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ungerch1

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Reply with quote  #1 
I just got back from the Fat Tire race in Hayward and found the hills daunting... I'd like to add more hills to my training next year. Any suggestion on a ~15-20 mile gravel road loop with lots of hills ? I could do two or three loops per trip. I'm from Chanhassen so the west side of the metro would be preferred. Thanks for any suggestions.
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Zurichman

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Reply with quote  #2 
I have no clue as I am not from your area. My best advice would be to go to some LBS(local bike shops) especially ones that were mt. bike shops mainly. Good luck

Zman

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If it was easy it wouldn't be a memory. You just hope you don't have all your memories in the same ride. been there dun that Zman
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ridemagnetic

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Reply with quote  #3 
The Twin Cities is completely surrounded by luxury gravel. I'm originally from the White Bear Lake area, so the East side is my territory. But there's tons of great stuff out West near Chanhassen and I've ridden all of it.. Victora, Waconia, Carver. St. Bonnies and Watertown to the North. Just do an activity search, with "gravel" as a keyword of course, for any area on Strava and all will be revealed.

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A great set of wheels will make an average frame ride better. It doesn't work the other way around.  ~ridemagnetic
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CrankShaft

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The hills of Chequamegon surprise a lot of people.  They think of the area as flat, and compared to Colorado it is.  However, those short, punchy hills just keep coming one after another, and they take a toll on your legs.  I am still a Chequamegon 40 newbie at 5 races, but my times have been steadily improving each year (just over 3:00 this year, and I am an old fart).  The best advice I can give is to focus on endurance first, and hills and speed second.  Once you can handle a sustained, hard effort for 2 to 4 hours, the hills won't seem as bad. 

To build endurance, ride your bike.  Ride it a lot.  This will help to establish a strong base of endurance fitness in your legs.  If you have a road, or gravel bike, ride that more than your MTB.  Don't worry too much about finding hills - get miles into your legs.  I try to do one long (50 to 100 miles) and one medium ride each weekend, with 2 or 4 shorter rides (15 to 30) during the week - depending on available time.  Use this site to find some gravel in the SW area: https://gravelmap.com/#@44.98780413470361,-93.77512616107026,9,hybrid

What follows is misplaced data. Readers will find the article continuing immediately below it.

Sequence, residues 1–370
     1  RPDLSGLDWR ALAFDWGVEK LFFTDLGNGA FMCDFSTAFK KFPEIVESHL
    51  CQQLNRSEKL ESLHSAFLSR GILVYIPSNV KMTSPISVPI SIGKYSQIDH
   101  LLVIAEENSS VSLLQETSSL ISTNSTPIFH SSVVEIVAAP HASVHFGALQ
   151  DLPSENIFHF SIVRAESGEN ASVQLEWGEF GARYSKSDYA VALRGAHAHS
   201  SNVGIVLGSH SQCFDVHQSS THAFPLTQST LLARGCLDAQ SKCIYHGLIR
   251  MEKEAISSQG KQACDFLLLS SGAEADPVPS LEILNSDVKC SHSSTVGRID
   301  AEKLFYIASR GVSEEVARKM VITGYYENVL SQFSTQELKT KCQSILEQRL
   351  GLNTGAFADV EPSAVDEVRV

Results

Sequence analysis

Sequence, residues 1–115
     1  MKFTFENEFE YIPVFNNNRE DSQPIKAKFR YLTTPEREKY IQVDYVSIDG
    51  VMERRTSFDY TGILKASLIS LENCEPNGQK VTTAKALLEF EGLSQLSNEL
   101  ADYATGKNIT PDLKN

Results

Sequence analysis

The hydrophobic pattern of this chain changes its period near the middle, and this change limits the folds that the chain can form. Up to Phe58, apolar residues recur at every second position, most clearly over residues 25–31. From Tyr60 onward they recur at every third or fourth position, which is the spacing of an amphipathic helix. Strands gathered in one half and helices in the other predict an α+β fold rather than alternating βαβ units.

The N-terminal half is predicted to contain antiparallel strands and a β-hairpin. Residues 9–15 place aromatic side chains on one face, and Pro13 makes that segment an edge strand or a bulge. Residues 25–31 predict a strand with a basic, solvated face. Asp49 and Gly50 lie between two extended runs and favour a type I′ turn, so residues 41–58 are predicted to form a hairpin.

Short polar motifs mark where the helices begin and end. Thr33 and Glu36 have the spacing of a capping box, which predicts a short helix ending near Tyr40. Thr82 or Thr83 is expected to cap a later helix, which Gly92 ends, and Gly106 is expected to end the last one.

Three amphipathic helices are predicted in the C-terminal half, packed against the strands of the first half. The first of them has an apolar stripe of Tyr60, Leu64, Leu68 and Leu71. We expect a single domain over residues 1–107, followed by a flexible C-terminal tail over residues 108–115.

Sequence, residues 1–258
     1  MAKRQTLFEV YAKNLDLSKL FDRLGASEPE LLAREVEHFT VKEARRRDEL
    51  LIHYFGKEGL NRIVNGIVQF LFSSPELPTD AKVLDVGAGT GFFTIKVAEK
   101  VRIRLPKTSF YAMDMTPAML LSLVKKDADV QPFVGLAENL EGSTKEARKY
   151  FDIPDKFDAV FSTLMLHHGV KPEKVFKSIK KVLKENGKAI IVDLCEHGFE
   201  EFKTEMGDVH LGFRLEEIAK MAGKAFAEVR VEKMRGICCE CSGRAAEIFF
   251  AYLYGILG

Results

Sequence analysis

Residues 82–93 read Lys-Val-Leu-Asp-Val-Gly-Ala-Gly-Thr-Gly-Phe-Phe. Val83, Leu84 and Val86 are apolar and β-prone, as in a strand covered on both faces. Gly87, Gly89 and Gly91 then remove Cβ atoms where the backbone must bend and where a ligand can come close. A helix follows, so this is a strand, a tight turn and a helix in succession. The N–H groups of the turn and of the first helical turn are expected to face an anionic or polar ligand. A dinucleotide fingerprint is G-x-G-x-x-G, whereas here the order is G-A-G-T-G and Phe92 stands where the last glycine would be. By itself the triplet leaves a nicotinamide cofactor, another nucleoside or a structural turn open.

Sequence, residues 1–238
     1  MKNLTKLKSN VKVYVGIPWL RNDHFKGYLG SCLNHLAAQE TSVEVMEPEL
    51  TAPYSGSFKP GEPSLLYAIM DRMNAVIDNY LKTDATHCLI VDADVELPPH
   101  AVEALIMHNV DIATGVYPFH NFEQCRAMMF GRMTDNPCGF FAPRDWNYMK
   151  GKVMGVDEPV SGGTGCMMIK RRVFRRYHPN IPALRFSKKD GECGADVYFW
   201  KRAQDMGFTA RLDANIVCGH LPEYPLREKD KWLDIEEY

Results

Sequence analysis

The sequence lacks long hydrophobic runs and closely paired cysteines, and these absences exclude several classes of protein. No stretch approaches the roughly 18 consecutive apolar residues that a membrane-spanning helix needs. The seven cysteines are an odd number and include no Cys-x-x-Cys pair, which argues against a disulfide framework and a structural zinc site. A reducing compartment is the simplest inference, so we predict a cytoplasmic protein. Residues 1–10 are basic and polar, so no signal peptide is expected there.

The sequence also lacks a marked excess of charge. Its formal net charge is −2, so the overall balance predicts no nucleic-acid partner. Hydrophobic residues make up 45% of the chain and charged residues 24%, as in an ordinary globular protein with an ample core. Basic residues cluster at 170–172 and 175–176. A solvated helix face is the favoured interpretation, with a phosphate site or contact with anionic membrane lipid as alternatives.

As you build good endurance, you can add speed intervals, or hill work as desired.  One hill drill I have used over the years is to find a small hill 100 to 200 in elevation, and 1/3 to 1/2 mile in length.  Ride up the hill in your easiest gear (in the small front ring if you have a 2X), and then ride back to the bottom as a recovery.  Shift the next hardest gear and climb it again.  Keep doing this until you have gone through all 10 or 11 gears in the rear cassette.  Do this once a week.  You may not make all 10 gears at first, but over time, this will become an easy drill.

Good luck!  See you next year in Hayward.
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Zurichman

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Reply with quote  #5 
Thanks for the reminder of the hill repeats reminder Crankshaft. I know that works.


I kind of forgot about that as I use to do hill repeats when I use to be a competitive runner/racer. I have a hill just like that about 1 1/2 mile from my house and will start doing that.


Thanks
Zman

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If it was easy it wouldn't be a memory. You just hope you don't have all your memories in the same ride. been there dun that Zman
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ungerch1

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Reply with quote  #6 
Not really looking for training tips .... looking for roads with hills.
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ungerch1

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Thanks ridemagnetic. Will try that.
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CrankShaft

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Reply with quote  #8 
Quote:
Originally Posted by ungerch1
Not really looking for training tips .... looking for roads with hills.


There was a link for all of the gravel roads near you. Ride and find hills.
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ungerch1

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Reply with quote  #9 
Thanks PMC. I'll keep that in mind if I can't find anything out here.
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